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The Waste Hierarchy
The evaluation of processes that protect the environment alongside resource and energy consumption to most favourable to least favourable actions. The hierarchy establishes preferred program priorities based on sustainability. To be sustainable, waste management cannot be solved only with technical end-of-pipe solutions and an integrated approach is necessary.
The waste management hierarchy indicates an order of preference for action to reduce and manage waste, and is usually presented diagrammatically in the form of a pyramid. The hierarchy captures the progression of a material or product through successive stages of waste management, and represents the latter part of the life-cycle for each product.
The aim of the waste hierarchy is to extract the maximum practical benefits from products and to generate the minimum amount of waste. The proper application of the waste hierarchy can have several benefits. It can help prevent emissions of greenhouse gases, reduces pollutants, save energy, conserves resources, create jobs and stimulate the development of green technologies.
Challenges for local and regional authorities
The task of implementing the waste hierarchy in waste management practices within a country must be clearly delegated to the different levels of government (national, regional, local) and to other possible actors including industry, private companies and households. Local and regional authorities can be particularly challenged by issues when applying the waste hierarchy approach.
Some of those issues or concerns may involve:
A coherent waste management strategy that must be set up and implemented. It would involve including management plans at all different management levels.
Separate collection and sorting systems for many different waste streams would have to be established
New or adequate treatment and disposal facilities being established.
An effective horizontal co-operation between local authorities and municipalities and a vertical co-operation between the different levels of government, local to regional and when beneficial, also at the national level being established;
Finding financing for the establishing or upgrading of expensive sustainable waste management infrastructure to address the needs of managing waste.
A lack of data available on waste management strategies must be overcome and extensive monitoring requirements must be met to successfully implement the waste programs.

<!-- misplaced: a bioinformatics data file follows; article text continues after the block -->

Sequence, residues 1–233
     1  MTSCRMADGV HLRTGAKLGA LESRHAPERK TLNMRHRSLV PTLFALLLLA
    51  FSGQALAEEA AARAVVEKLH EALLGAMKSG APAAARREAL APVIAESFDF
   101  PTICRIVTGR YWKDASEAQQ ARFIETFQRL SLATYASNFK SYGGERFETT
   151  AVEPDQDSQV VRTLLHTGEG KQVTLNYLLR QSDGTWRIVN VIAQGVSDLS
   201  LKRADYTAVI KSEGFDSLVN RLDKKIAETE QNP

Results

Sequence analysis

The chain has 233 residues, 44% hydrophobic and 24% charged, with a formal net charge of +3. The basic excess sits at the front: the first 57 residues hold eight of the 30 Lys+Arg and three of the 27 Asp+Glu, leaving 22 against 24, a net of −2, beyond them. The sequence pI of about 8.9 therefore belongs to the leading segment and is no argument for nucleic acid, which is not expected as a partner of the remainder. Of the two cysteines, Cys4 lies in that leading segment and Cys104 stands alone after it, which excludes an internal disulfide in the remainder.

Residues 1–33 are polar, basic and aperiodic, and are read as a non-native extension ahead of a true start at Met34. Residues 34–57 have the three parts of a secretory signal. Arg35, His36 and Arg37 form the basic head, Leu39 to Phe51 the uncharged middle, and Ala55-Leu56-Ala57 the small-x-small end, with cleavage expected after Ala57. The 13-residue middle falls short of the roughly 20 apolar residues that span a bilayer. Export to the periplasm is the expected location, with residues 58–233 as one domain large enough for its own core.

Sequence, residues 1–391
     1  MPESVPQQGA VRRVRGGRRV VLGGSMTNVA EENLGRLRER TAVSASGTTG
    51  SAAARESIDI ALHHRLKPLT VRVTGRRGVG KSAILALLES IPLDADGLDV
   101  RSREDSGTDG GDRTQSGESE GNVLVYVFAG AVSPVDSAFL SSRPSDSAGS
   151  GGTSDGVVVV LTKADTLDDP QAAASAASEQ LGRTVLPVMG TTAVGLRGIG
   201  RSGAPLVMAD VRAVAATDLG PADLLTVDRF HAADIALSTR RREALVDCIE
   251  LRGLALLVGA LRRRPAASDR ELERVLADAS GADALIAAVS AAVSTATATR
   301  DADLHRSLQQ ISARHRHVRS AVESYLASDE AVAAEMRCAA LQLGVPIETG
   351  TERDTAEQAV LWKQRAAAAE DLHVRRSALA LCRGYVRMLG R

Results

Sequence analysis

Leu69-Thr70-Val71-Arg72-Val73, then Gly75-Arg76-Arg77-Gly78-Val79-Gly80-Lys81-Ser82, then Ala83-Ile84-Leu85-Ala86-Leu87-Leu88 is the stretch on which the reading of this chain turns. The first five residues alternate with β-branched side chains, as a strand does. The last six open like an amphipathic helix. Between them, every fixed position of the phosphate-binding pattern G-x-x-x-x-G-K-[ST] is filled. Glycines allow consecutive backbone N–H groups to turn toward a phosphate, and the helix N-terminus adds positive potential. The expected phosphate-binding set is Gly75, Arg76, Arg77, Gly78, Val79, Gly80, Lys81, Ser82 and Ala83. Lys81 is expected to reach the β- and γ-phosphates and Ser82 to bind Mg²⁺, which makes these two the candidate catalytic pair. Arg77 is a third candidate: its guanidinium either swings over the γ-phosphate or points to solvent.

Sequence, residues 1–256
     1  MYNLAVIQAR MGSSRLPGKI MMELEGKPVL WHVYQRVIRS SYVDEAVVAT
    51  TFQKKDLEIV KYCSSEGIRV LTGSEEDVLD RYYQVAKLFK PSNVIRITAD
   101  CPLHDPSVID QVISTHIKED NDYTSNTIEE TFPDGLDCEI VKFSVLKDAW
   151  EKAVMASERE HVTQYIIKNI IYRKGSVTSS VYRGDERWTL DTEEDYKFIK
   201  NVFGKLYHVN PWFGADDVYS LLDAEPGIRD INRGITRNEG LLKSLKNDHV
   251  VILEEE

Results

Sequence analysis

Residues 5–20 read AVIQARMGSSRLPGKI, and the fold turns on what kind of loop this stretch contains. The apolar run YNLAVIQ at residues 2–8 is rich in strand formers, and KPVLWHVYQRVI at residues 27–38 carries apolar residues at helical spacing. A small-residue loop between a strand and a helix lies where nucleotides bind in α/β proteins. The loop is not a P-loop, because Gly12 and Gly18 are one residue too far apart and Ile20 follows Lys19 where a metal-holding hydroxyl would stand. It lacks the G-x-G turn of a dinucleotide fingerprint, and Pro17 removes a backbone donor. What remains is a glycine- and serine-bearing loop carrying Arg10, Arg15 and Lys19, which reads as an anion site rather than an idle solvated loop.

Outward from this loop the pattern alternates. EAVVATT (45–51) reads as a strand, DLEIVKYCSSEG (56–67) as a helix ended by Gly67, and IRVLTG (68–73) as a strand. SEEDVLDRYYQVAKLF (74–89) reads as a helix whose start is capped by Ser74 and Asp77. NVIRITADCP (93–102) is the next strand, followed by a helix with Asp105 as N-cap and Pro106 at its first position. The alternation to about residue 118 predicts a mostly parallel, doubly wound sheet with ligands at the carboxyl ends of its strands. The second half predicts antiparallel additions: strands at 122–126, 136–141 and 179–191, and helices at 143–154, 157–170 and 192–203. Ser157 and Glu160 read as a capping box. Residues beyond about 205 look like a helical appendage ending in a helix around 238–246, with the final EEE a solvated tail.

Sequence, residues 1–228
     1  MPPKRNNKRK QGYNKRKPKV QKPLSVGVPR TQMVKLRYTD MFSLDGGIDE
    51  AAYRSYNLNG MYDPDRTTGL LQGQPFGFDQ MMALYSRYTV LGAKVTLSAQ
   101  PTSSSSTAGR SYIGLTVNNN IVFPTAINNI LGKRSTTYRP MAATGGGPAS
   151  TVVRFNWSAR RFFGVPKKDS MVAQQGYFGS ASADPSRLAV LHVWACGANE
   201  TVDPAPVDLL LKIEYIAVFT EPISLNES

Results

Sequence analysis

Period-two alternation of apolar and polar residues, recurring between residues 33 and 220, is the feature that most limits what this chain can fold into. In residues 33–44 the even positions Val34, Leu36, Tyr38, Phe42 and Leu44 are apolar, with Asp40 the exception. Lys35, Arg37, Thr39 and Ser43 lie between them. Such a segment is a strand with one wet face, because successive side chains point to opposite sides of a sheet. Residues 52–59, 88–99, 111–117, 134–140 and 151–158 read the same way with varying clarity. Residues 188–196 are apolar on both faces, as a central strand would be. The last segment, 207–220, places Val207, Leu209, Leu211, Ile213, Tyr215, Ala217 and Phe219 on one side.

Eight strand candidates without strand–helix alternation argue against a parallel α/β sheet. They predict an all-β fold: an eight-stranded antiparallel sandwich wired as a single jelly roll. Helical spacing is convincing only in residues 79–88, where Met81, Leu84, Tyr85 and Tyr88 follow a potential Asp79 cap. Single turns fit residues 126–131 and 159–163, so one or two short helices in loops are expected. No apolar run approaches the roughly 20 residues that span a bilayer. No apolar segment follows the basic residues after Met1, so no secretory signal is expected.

The effective enforcement and control of sound business plans and practices be established and applied to maximize benefits to the environment and human health.
A lack of administrative capacity at the regional and local level. The lack of finances, information, and technical expertise must be overcome for effective implementation and success of the waste management policies.
Source reduction involves efforts to reduce hazardous waste and other materials by modifying industrial production. Source reduction methods involve changes in manufacturing technology, raw material inputs, and product formulation. At times, the term "pollution prevention" may refer to source reduction.
Another method of source reduction is to increase incentives for recycling. Many communities in the United States are implementing variable-rate pricing for waste disposal (also known as Pay As You Throw - PAYT) which has been effective in reducing the size of the municipal waste stream.
Source reduction is typically measured by efficiencies and cutbacks in waste. Toxics use reduction is a more controversial approach to source reduction that targets and measures reductions in the upstream use of toxic materials. Toxics use reduction emphasizes the more preventive aspects of source reduction but, due to its emphasis on toxic chemical inputs, has been opposed more vigorously by chemical manufacturers. Toxics use reduction programs have been set up by legislation in some states, e.g., Massachusetts, New Jersey, and Oregon.The 3 R 's represent the ' Waste Hierarchy ' which lists the best ways of managing waste from the most to the least desirable. Many of the things we currently throw away could be reused again with just a little thought and imagination.
Source of information: https://en.wikipedia.org/wiki/Waste_hierarchy
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